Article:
It's obvious why truck drivers must not be under the influence of drugs or alcohol while they are operating commercial vehicles. A drunk truck driver, or one under the influence of another drug, could cause terrible damage on the roads. Did you know that truck drivers are subject to drug and alcohol testing according to the regulations of the U.S. Department of Transportation? This blog post will describe this requirement in a little more detail.
All truck drivers are subject to DOT drug and alcohol testing if they operate large commercial motor vehicles. This includes not only full-time drivers but also part-time, backup and intermittent drivers. Drivers from Pennsylvania, the other 49 states, and other countries are included in this requirement. Substances tested for include cocaine, opiates, marijuana, amphetamines, methamphetamines and PCP. DOT also tests for blood alcohol concentrations of 0.02 percent or greater. Truck companies are also allowed to have drug-testing programs of their own.
Truck driver supervisors are required to undergo training to identify drug and alcohol use among truck drivers. Supervisors must take 60 minutes of training to identify alcohol abuse and another 60 minutes of training to identify controlled substances use. After completing the 120 minutes of training, supervisors should be able to tell when there is a reasonable suspicion that a truck driver is improperly using drugs or alcohol.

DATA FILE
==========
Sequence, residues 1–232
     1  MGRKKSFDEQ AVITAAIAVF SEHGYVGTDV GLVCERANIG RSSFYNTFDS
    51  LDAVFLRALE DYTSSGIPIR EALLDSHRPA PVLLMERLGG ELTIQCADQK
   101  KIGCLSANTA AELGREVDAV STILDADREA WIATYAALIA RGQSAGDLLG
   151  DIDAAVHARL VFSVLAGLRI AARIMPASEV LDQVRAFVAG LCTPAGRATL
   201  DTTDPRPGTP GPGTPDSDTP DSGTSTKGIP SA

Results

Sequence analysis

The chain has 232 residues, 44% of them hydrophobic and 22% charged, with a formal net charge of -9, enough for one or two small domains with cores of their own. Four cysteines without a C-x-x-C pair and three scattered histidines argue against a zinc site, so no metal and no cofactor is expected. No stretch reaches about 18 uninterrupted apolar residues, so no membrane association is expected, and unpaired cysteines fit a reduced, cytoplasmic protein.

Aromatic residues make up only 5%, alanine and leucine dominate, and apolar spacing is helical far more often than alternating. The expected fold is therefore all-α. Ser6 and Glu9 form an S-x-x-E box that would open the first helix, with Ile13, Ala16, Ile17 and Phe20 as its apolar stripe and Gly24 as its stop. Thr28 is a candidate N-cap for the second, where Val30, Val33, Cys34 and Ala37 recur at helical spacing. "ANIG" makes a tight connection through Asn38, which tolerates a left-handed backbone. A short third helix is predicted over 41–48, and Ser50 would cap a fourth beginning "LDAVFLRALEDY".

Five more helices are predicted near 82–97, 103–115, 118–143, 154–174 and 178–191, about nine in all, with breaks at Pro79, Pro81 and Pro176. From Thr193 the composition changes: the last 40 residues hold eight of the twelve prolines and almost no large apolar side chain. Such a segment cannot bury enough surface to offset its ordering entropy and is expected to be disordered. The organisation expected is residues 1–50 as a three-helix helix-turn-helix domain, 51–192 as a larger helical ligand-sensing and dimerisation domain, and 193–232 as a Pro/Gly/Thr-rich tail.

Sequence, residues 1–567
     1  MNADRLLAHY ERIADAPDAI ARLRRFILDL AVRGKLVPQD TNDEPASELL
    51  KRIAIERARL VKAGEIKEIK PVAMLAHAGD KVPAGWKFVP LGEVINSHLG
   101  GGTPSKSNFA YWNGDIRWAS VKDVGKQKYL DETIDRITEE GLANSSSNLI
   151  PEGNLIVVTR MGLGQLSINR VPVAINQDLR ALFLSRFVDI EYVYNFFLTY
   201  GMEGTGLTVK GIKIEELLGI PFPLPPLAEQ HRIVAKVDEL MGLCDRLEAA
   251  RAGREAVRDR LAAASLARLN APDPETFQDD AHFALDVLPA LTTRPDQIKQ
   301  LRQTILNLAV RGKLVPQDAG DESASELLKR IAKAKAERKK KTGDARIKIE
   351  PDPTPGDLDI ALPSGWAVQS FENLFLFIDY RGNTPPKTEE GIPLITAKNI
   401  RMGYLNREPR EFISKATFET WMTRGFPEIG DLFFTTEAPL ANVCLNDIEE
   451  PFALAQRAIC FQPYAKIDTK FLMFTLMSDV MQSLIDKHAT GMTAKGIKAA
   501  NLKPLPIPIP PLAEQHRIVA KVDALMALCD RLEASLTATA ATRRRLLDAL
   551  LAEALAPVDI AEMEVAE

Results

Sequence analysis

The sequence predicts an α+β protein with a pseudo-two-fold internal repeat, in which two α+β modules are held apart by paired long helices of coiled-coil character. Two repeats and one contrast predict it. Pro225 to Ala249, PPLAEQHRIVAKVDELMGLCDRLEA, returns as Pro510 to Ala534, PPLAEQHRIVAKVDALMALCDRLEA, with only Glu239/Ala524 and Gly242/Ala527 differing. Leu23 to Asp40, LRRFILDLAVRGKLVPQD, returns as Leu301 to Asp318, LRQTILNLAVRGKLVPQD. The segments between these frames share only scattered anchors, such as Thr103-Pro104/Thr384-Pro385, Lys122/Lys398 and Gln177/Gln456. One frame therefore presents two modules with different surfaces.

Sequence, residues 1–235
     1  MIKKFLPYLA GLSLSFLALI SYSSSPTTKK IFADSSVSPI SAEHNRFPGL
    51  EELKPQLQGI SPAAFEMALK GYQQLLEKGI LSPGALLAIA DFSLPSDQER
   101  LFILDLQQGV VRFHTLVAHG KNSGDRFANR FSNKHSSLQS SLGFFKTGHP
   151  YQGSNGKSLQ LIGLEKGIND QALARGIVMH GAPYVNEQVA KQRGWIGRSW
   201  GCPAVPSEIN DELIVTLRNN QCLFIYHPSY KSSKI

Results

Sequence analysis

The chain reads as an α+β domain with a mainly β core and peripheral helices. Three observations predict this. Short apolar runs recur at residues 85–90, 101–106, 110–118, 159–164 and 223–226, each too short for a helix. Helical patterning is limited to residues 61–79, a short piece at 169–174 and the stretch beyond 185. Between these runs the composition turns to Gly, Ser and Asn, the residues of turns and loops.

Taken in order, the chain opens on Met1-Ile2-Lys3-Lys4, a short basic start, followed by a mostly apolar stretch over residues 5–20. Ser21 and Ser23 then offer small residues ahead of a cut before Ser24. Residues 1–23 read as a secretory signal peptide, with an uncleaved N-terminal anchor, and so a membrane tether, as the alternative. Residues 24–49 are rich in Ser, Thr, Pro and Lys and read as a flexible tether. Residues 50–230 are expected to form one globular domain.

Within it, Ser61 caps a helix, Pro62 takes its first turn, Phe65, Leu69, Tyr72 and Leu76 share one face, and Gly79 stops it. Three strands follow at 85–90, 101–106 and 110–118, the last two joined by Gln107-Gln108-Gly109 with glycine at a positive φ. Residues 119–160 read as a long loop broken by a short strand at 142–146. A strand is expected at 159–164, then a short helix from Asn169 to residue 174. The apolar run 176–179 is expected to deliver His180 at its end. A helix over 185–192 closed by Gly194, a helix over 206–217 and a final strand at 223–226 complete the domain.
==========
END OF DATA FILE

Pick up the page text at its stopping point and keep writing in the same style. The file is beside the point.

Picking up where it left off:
All too frequently, truck accidents result in serious injuries to the occupants of other vehicles on the road. A truck driver's improper drug and alcohol use can increase the chances of an accident. Our legal system places emphasis on discouraging intoxicated truck driving and getting adequate compensation to victims.